The European Commission is due to approve next week a legal proposal on using proceeds from Russian assets frozen under sanctions, but doubts in France, Germany and Belgium mean Ukraine would not get the money anytime soon, officials and diplomatic sources told Reuters.
The draft law is expected on 12 December, two days before the year's final summit of the EU's 27 national leaders at which billions of much-needed budgetary and military aid for Kyiv are at stake, as well as advancing Ukraine's membership bid.
The EU executive says some 28 billion euros worth of private Russian assets and a further 207 billion euros of the Russian central bank's funds are arrested in the bloc.
Kyiv would not be getting instant good news either on getting its hands on proceeds derived from the frozen Russian assets, according to diplomats and officials in EU hub Brussels who laid out lingering doubts by the three key capitals.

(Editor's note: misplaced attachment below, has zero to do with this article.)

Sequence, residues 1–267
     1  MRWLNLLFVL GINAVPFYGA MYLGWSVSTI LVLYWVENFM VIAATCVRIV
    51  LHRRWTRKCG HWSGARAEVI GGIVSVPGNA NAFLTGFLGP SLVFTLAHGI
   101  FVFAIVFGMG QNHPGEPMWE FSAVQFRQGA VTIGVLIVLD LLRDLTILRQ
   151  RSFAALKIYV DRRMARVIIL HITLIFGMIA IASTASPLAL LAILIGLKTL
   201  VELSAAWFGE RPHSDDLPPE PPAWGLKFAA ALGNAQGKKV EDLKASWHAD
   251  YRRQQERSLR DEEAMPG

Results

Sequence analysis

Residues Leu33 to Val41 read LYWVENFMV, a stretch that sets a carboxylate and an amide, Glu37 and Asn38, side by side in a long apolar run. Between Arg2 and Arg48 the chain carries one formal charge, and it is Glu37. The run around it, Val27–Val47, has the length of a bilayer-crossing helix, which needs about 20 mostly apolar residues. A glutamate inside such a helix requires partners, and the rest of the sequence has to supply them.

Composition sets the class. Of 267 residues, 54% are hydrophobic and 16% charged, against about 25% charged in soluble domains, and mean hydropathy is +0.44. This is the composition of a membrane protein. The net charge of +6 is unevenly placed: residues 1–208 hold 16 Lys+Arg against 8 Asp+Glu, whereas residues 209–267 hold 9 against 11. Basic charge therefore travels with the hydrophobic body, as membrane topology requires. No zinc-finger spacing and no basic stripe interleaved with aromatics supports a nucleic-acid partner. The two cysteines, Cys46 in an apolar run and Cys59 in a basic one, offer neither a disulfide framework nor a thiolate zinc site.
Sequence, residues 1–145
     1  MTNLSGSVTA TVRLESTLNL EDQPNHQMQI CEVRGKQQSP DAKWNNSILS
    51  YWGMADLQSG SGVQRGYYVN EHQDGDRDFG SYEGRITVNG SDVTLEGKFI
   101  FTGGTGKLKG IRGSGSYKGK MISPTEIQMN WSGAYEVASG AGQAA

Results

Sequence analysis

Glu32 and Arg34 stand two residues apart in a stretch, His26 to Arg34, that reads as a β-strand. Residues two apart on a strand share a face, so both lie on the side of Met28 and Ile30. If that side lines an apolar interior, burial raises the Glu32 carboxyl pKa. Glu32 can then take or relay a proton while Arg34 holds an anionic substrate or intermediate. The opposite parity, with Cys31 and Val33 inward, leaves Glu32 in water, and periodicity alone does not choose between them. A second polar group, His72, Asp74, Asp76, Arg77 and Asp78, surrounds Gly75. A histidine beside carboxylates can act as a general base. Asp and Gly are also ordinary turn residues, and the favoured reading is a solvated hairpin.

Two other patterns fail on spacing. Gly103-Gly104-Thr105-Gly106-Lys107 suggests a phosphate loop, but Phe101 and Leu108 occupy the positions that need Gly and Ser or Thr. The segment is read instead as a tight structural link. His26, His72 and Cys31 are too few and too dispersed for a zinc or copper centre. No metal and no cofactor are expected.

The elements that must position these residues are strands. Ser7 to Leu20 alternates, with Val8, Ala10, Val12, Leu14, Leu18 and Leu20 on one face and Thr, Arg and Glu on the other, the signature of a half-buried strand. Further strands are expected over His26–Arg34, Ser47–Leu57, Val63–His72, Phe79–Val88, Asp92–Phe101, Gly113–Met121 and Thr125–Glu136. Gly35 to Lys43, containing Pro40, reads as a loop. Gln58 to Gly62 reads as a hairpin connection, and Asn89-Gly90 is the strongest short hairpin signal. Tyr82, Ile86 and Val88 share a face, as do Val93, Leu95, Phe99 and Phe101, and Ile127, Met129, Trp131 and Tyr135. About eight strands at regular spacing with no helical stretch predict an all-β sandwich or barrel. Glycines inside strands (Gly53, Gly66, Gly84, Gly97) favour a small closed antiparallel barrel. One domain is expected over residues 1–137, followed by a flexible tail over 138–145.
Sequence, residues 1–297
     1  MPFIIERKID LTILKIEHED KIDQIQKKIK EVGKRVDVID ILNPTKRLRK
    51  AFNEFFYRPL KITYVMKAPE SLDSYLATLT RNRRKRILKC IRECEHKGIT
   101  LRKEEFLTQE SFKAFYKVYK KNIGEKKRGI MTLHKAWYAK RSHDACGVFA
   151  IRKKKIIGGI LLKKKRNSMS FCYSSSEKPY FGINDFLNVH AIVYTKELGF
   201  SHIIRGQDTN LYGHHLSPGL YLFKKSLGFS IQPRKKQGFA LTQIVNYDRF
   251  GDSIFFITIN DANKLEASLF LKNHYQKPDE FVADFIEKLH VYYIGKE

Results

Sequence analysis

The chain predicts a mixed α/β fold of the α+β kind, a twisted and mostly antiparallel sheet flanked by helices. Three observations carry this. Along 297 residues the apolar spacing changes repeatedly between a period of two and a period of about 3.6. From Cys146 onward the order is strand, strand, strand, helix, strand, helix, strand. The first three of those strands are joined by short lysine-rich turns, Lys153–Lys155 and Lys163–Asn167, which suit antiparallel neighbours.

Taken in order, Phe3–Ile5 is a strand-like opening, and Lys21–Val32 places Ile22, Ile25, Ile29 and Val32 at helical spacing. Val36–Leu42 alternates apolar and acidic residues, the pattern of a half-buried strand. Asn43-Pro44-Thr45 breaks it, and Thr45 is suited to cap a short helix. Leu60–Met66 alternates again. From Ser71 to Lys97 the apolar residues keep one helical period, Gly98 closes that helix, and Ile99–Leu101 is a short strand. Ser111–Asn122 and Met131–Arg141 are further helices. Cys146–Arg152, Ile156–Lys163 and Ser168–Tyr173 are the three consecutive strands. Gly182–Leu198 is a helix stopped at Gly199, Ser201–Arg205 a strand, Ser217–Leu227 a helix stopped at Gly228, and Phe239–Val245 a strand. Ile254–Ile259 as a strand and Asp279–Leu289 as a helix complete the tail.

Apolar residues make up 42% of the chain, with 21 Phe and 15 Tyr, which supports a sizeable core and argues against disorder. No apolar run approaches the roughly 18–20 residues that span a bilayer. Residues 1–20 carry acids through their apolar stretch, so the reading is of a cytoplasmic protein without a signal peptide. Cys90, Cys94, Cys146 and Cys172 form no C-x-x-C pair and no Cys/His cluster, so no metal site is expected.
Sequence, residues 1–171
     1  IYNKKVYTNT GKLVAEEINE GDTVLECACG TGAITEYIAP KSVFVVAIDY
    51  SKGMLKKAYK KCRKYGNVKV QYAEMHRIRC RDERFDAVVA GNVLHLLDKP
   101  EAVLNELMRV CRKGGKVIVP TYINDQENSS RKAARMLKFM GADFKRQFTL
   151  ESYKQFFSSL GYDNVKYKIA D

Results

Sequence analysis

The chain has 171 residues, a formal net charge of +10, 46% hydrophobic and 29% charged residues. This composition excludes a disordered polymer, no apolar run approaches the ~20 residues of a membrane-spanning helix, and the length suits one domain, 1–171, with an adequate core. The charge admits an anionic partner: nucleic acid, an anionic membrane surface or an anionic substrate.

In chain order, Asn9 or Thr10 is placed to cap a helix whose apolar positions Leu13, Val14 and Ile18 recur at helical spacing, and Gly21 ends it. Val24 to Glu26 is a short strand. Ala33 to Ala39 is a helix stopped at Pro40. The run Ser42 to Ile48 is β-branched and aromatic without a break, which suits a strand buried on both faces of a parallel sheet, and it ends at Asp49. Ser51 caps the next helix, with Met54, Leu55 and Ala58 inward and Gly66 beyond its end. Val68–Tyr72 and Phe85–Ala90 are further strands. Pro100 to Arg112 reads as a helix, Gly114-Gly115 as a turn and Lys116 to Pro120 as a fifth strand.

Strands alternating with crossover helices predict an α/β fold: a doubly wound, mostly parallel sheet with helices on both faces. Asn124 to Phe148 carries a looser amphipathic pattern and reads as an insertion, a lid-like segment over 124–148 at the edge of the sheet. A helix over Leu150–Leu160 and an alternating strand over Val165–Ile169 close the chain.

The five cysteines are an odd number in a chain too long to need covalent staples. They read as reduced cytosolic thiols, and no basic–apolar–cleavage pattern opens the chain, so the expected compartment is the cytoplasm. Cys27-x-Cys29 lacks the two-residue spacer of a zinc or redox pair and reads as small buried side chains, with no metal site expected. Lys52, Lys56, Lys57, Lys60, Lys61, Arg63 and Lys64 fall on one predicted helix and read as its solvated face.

The Commission's proposal next week would aim to introduce standard rules for handling such assets across all EU states. Unanimous backing of the 27 would be needed to enact it.
The proposal would clarify legal obligations of institutions involved, as well as tasking them to put the immobilised Russian assets aside, according to EU officials.
Crucially, it would not, however, include a direct proposal to transfer new proceeds on those assets into the EU budget, said the officials, quoting litigation risks, management questions and criticism by the European Central Bank.
EU leaders are not expected to give the proposal their final approval at the summit but, possibly, task their 27 governments to work more on it. With heavyweights Germany and France voicing reservations, no quick deal is in sight.
"A group of member states still has legal concerns," said a senior EU diplomat, adding that transferring the funds to central EU coffers was "nothing that I could see happening in the near future."